Wednesday, August 31, 2016

Things I Read in August (#10-11)

I haven't been reading as much as I would like this year. I have several books downloaded on my Kindle, but reading on an eletronic device continues to lack the appeal of a tangible book.

Before we left for our vacation, I managed to run by the library and pick up two books from my "to read" list. The first was When Breath Becomes Air by Paul Kalanithi. The second was Last Child in the Woods by Richard Louv. Very different books, but both are worth reading. I will share my thoughts on Richard Louv's book tomorrow in my Outside 365 post.

I first heard of Paul Kalanithi's story on the blog A Cup of Jo. Paul was married to Jo's twin sister and the unexpected news of his brain tumor was gut wrenching. It was the beginning of 2014 and Paul had written an essay that had been published in The New York Times of what it was like to be a neurosurgeon diagnosed with a brain tumor. His essay was raw and personal. He was close to my age and the whole scenario had me weeping at my computer. For him. For his wife.

A little over a year later, Paul died. It was shocking and sad. He left behind his wife, child, parents, siblings.

A year after Paul's death his memoir, When Breath Becomes Air, was published. In the pages of this book, Paul outlines his journey to neurosurgery, his search for meaning, and his experience facing death on a very personal level – with the irony of dying by brain tumor.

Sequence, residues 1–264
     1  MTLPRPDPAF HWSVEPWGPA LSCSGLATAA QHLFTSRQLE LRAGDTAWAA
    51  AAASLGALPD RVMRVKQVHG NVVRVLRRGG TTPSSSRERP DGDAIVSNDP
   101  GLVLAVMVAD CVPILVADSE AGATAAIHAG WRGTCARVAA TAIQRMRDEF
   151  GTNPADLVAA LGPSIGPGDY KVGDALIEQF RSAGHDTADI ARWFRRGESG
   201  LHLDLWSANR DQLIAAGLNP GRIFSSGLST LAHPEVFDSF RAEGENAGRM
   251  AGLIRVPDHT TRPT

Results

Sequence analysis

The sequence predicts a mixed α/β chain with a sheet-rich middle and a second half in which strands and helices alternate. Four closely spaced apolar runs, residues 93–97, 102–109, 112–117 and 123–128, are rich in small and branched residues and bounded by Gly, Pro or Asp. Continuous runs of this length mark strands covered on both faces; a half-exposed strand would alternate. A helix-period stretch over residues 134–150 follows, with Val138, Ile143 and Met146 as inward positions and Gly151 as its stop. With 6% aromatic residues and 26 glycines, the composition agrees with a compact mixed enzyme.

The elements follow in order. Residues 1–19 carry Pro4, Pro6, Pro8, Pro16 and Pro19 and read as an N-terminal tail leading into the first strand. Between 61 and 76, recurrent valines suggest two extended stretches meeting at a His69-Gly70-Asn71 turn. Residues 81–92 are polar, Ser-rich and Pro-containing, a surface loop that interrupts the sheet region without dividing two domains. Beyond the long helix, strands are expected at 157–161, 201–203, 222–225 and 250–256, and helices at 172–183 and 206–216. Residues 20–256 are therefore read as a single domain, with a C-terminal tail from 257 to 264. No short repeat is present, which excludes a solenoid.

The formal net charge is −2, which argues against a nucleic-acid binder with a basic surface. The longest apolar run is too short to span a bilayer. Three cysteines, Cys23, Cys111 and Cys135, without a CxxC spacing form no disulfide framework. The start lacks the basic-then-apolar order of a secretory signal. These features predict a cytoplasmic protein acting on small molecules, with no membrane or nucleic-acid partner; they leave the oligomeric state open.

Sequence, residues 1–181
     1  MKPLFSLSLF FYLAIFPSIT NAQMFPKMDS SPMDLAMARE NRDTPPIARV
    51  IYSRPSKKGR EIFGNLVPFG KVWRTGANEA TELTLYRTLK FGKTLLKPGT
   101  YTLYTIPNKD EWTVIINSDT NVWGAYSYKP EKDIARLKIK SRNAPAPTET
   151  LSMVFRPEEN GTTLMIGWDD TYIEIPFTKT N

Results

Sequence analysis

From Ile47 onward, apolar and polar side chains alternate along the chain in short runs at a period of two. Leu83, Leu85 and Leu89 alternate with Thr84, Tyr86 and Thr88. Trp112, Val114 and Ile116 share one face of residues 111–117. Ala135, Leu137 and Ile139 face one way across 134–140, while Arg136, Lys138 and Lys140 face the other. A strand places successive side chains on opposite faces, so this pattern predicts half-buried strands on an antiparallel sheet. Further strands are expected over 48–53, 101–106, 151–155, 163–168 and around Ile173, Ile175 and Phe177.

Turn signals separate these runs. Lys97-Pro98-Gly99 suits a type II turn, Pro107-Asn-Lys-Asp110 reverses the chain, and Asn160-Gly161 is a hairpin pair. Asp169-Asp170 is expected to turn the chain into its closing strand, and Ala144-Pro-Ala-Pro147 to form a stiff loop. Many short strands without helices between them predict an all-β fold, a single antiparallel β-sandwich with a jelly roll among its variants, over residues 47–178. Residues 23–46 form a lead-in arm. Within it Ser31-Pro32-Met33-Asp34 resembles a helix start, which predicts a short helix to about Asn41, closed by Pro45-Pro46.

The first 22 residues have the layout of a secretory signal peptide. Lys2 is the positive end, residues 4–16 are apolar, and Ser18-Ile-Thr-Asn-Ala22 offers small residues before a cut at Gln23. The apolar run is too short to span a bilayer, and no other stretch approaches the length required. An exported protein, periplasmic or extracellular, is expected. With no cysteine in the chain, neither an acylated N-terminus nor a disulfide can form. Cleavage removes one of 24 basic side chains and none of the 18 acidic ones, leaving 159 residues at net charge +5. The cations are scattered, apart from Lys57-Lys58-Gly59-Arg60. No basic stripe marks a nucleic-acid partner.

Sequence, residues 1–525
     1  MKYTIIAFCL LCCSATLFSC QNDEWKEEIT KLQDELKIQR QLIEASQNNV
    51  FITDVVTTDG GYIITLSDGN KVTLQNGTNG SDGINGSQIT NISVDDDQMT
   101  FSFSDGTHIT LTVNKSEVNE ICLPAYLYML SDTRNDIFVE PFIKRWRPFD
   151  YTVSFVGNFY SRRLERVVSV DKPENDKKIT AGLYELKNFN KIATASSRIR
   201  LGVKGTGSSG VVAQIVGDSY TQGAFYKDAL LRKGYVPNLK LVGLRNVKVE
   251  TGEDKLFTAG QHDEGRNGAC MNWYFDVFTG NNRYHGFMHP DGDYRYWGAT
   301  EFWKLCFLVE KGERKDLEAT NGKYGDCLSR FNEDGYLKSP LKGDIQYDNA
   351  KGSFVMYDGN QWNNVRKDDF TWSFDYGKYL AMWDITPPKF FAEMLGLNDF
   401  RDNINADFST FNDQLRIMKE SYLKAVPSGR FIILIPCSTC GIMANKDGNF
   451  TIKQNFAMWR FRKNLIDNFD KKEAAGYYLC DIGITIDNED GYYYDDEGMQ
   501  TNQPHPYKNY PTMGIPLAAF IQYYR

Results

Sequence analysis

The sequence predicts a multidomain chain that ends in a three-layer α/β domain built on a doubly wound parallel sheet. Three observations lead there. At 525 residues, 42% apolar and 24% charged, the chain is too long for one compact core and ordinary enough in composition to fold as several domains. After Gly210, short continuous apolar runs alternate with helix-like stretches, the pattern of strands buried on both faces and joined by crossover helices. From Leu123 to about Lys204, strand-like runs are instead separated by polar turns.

Paul was certainly taken from this life too soon. He had a profound perspective that we can't understand, until we too face death. And even then his perspective is different due to his age and knowledge of impending death. I will leave you with some of the passages from the book that have stayed with me:
As I sat there, I realized that the questions intersecting life, death, and meaning, questions that all people face at some point, usually arise in the medical context.

Death comes for us all. For us, for our patients; it is our fate as living, breathing, metabolizing organisms.

Grand illnesses are supposed to be life clarifying. Instead I knew I was going to die – but I'd known that before. My state of knowledge was the same, but my ability to make lunch plans had been shot to hell.

Yet I returned to the central values of Christianity – sacrifice, redemption, forgiveness – because I found them so compelling. There is tension in the Bible between justice and mercy, between the Old Testament and the New Testament. And the New Testament says you can never be good enough: goodness is the thing, and you can never live up to it. The main message of Jesus, I believed, is that mercy trumps justice every time.

On a lighter note, here is a sampling of what I've been reading online lately:
No Food is Healthy, Not Even Kale via The Washington Post
How to Listen When You Disagree via Urban Confessional
Race, Truth and Our Two Realities via The New York Times
Why Calls for "Unity" in American Politics are Not Enough via Quartz
A Few Thoughts on Unity via Design for Mankind
Encouraging Everyone to Vote Is Like Telling Everyone... via Mike Rowe
Nine Ways Lazy Parenting Helps Grow Great Grown Ups via Anna Rosenblum Palmer
The Great School Diaspora via Discover Praxis
What Your Kids Need to Know Before Starting School via Babble

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